News & Views
Pioneering hatchery in India supplies barramundi seeds to farms in push for shrimp alternative
By Nestor Arellano
By Nestor Arellano
Efforts to encourage the production of barramundi in India recently got a boost with reports that a facility in Karaikal in the Union Territory of Pondicherry produced 15 tons of the fish from a mere one-hectare area.
The demonstration farm operated by Rajiv Gandhi Centre for Aquaculture (RGCA), was established to persuade the local farming community to grow the fish, also called Asian sea bass, as an alternative to shrimp aquaculture. The RGCA is the research and development arm of India’s Marine Products Export Development Authority (MPEDA).
RGCA is also operating a three million-fry capacity seabass hatchery at Thoduvai in Tamil Nadu’s Nagapattinam district that is the first of its kind, according to MPEDA.
As much as 18 million seeds have been been produced and supplied to the farming community across the country as an alternative species for shrimp aquaculture.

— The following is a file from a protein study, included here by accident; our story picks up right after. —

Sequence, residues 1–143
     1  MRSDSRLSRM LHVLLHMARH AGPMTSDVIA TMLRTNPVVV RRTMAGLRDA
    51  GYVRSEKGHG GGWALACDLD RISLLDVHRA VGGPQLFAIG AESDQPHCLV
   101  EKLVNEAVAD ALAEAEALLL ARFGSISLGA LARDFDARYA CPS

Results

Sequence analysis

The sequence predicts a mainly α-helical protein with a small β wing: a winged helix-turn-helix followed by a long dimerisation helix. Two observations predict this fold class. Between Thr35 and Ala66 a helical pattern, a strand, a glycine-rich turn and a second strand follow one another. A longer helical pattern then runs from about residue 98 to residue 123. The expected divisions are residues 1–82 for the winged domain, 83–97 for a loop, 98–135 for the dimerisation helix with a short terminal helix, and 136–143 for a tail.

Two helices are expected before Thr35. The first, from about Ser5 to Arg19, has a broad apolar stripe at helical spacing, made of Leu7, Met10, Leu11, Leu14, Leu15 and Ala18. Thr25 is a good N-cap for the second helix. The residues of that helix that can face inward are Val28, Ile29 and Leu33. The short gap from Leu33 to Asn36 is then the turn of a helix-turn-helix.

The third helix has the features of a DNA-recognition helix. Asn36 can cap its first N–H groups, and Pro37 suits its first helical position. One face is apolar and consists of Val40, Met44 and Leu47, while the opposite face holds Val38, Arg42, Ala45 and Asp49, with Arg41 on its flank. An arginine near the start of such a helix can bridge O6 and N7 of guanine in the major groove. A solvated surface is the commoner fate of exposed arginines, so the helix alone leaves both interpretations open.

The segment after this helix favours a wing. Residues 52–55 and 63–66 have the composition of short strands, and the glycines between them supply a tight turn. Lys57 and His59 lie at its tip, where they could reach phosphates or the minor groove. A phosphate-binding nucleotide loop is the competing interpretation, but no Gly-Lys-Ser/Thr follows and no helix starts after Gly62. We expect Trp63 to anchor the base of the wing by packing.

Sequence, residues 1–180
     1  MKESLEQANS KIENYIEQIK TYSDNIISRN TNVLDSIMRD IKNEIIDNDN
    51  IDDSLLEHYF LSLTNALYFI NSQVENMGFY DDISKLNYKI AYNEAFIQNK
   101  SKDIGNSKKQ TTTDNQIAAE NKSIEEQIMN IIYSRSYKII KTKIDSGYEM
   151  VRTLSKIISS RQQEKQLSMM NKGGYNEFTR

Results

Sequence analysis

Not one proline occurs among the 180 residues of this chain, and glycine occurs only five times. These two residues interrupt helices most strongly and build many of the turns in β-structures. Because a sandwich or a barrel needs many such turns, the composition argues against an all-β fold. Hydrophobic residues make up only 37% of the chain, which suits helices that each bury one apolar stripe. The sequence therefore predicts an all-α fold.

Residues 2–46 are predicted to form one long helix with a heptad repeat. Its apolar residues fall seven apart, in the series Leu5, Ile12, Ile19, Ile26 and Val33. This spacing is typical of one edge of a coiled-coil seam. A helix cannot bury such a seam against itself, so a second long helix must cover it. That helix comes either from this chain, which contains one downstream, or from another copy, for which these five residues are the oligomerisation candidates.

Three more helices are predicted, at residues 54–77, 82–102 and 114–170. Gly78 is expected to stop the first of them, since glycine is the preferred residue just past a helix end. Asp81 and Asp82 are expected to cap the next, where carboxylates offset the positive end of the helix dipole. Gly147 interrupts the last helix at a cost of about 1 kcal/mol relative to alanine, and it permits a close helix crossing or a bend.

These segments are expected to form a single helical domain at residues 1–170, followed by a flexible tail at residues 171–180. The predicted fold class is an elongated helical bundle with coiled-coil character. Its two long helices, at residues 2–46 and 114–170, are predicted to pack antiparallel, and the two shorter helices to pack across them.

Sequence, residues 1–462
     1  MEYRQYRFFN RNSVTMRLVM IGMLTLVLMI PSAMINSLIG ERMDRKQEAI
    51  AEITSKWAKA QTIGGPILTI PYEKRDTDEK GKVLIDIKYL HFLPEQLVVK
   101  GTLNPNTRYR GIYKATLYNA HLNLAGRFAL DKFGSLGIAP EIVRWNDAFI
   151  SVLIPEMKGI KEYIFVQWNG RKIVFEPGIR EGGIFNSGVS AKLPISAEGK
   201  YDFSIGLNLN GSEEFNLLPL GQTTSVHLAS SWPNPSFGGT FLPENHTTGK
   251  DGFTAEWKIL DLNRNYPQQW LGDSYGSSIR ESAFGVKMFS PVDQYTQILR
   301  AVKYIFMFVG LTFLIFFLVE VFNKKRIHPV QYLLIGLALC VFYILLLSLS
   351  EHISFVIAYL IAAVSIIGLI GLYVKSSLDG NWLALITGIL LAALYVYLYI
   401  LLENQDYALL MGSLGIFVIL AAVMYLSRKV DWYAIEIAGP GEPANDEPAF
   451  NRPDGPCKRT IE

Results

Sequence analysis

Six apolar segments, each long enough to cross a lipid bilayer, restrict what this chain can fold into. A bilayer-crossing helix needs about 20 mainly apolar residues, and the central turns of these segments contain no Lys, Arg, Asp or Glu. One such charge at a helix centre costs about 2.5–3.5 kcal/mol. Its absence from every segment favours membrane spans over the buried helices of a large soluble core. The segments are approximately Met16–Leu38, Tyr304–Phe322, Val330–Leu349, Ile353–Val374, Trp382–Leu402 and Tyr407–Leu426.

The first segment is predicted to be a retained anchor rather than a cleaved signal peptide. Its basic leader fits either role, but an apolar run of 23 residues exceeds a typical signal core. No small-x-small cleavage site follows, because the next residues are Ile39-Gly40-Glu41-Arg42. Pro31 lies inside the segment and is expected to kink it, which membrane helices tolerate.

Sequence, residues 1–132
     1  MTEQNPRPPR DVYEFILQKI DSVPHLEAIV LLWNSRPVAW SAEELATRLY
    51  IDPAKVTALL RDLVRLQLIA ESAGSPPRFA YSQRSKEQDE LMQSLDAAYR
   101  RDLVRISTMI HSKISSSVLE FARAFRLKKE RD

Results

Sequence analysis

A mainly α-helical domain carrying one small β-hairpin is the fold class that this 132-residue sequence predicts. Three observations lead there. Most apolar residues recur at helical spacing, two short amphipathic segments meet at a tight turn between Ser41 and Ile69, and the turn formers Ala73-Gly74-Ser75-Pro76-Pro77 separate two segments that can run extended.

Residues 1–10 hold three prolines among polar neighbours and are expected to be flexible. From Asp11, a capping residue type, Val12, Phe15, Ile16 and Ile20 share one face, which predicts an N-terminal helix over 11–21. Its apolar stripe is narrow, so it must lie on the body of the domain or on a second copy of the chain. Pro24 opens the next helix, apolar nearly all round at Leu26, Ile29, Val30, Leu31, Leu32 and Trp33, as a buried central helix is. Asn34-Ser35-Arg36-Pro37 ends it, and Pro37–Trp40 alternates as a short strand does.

“For farmers in the east coast of the country, especially those in Kerala, the seabass seeds from the RGCA hatchery in Tamil Nadu are brought and reared to fingerlings in MPEDA-RGCA Multispecies Aquaculture complex (MAC), Vallarpadam, and supplied to the farming community at affordable cost,” a press release from the marine export body said.
Barramundi is traditionally produced as “plate fish” for the restaurant trade, but the fish is now largely being sold as fillets for direct sales to the major supermarkets, according to MPEDA.
“It has white flaky flesh and milk flavour is highly preferred by consumers and fetches around Rs.400 ($5.02) to 500 ($6.60) in local markets. It is having good demand and value in both domestic and export market,” MPEDA said.
Barramundi is farmed in freshwater, brackish water and saline waters, and can be cultured in open pond as well as in cages.
The RGCA farm produced its first harvest in just 10 months. The average body weight of the fish was 1.2 to 1.5 kg.
The fish were fed with artificial floating pellet feeds and the food conversion ratio (FCR) was found to be extremely encouraging at 1:1.8.
The production cost was$3.96 per kg and the fish were sold at farm gate price of $5.55 to 450 per kg. A profit of $22,454 was earned from the fish produced from the farm, according to MPEDA.